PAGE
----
Friday

SEPTEMBER 17TH


BIRTHDAYS




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McKinney's Cotton Pickers
1895
William "Bill" McKinney, Drums/Leader
b. Cynthiana, KY, USA
d. Oct. 14, 1969, Cynthiana, KY, USA.
Best recalled for his band -McKinney's Cotton Pickers. The band went on to better things under different Leaders, such as Don Redman who drilled the band to perfection, but always as McKinney's Cotton Pickers. Worked with: Benny Carter, James P. Johnson, Coleman Hawkins, Quentin Jackson, Hilton Jefferson, Claude Jones, Don Redman, Todd Rhodes, Tench Robinson, Rex Stewart and Fats Waller.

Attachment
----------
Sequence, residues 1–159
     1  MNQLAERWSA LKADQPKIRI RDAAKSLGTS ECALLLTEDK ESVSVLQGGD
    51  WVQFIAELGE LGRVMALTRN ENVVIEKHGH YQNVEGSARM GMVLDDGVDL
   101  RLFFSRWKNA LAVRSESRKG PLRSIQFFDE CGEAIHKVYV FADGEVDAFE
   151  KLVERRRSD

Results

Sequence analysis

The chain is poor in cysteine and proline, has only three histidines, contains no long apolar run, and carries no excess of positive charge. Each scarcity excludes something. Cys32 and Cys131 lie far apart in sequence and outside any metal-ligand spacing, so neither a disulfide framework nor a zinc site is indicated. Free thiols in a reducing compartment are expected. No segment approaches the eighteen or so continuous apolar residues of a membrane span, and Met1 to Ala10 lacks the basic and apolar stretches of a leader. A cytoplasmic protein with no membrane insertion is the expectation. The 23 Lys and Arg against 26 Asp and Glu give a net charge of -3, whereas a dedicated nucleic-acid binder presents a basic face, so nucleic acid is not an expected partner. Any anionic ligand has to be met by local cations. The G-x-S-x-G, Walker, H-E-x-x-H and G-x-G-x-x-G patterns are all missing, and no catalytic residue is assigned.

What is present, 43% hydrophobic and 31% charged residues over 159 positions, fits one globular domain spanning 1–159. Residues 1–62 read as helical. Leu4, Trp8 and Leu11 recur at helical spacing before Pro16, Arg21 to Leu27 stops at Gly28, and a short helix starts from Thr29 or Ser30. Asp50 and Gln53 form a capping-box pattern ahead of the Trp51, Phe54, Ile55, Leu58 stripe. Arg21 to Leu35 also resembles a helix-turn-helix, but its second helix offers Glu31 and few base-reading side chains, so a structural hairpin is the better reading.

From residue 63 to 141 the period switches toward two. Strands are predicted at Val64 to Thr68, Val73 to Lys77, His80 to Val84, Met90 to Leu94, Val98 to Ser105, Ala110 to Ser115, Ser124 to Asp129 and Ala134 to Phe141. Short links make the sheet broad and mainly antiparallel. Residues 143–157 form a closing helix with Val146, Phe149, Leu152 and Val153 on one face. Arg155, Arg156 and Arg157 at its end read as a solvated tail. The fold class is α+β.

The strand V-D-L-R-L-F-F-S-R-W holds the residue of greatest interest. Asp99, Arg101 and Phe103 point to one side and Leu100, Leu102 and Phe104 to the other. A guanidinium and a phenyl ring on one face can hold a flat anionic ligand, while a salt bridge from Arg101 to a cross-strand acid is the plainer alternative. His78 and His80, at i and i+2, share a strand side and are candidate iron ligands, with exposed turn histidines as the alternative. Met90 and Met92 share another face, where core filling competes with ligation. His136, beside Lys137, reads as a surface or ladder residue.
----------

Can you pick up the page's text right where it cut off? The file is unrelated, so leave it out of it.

William McKinney is among the elite artists in black classical music to have an ensemble of immense historic importance named after him. Never mind that the image associated with McKinney's Cotton Pickers is not one that anyone is very happy about, the surname McKinney itself no doubt mingling down from some plantation owner. While this is the name forever linked with the cotton-picking band, much of the credit for quality music in the outfit's set list goes to Don Redman and Benny Carter, both acknowledged geniuses of the jazz arranging discipline. McKinney had the good sense to hire them, however, having stepped over from a combination of drummer and bandleader to management duties. He only stayed in the music business for a couple of decades, most of which was spent running bands, not playing in them.